Having this massive pile of output can be daunting, how do you make sense of it all? First of all, if you have multiple bin sizes, you generally only need a single bin size for your model selection. I recommend using a relatively large bin size. File sizes are smaller and segmentation is often more robust. You can probably find the corresponding model in the smaller binsizes as well, if you prefer to use those for copy number graphs. Cellularities between corresponding models made with different bin sizes are usually very similar, but some fits may be “missed”. The most likely fit of a tumor is generally 1) the fit with the smallest error, or 2) the fit at the highest cellularity, so those two are presented in the summary_likelyfits file. When you open this file, you see for each sample three plots in a row (in case of imagetype = ‘pdf’, it will make a new page from each plot). The first two of the three are copy number plots of the best fit (lowest relative error) and the last minimum, respectively. The third plot is the error list, which shows the relative error of the fit at each tested “cellularity” (tumor cell percentage). In most cases you will be able to pick a good fit from these graphs. The individual graph is then available in the likelyfits subdirectory. If none of the models fit well, or you think there might be a better fit possible, you can look at all fits in the summary file, available in the subdirectory of that sample. If there are still no good fits (e.g. the tumor has a ploidy of 3N and you did not include this ploidy), you have to do model fitting on this sample separately (see below).

You might want to go through your samples a bit more systematically, especially if you have many samples. You can open the fitpicker.tsv file, go through the fits of the summary file and note in the likely_fit column of the picker table which fit you chose. Just leave open any samples of which you are not sure. The handy thing about the fitpicker files is that they have the list of your sample names and they have the list of cellularities.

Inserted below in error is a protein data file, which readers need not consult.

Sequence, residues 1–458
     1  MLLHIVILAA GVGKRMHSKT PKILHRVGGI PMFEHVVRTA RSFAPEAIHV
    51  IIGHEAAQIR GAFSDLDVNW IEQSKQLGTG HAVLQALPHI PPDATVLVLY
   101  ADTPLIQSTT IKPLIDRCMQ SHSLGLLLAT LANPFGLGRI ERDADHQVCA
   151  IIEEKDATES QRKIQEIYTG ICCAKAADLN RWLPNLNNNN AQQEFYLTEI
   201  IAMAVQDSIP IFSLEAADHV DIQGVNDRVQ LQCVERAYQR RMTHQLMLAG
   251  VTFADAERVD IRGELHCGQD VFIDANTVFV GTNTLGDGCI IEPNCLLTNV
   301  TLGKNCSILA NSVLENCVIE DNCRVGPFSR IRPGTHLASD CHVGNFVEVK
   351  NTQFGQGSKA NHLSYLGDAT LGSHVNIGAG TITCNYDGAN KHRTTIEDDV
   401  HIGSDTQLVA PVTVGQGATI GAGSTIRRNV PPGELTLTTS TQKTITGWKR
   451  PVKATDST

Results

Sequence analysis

Another feature that might help going through a lot of samples, is using the “penalty” parameter in the runACE call. This parameter penalizes fits at lower cellularities. Doing so greatly improves the chance that the best fit is also the most likely fit, but comes at the cost of precision at high cellularities and comes at the cost of sensitivity at low cellularities (but only at the lowest end of the spectrum, let’s say below 10%). More about this later.

In the two examples given below, it is quite obvious what the most likely appropriate models are: for sample 1 it is the “lastminimum” with a general ploidy of 2N and cellularity of 0.79, and for sample 2 it is the “bestfit” with a general ploidy of 2N and cellularity of 0.38. Examining the error plots of these samples draws a great picture of how obvious the right model can be for the trained eye, while it can be deceivingly tricky to rely on a simple computer algorithm to make the pick.

To reproduce some of the output created by runACE (which is only written to file), I have included the following code. The functions used will be explained in more detail later:

object <- copyNumbersSegmented
model1 <- singlemodel(object, QDNAseqobjectsample = 1)
bestfit1 <- model1$minima[tail(which(model1$rerror==min(model1$rerror)), 1)]
besterror1 <- min(model1$rerror)
lastfit1 <- tail(model1$minima, 1)
lasterror1 <- tail(model1$rerror, 1)
singleplot(object, QDNAseqobjectsample = 1, cellularity = bestfit1, 
           error = besterror1, standard = model1$standard, 
           title = "sample1 - binsize 1000 kbp - 379776 reads - 2N fit 1")

singleplot(object, QDNAseqobjectsample = 1, cellularity = lastfit1, 
           error = lasterror1, standard = model1$standard, 
           title = "sample1 - binsize 1000 kbp - 379776 reads - 2N fit 7")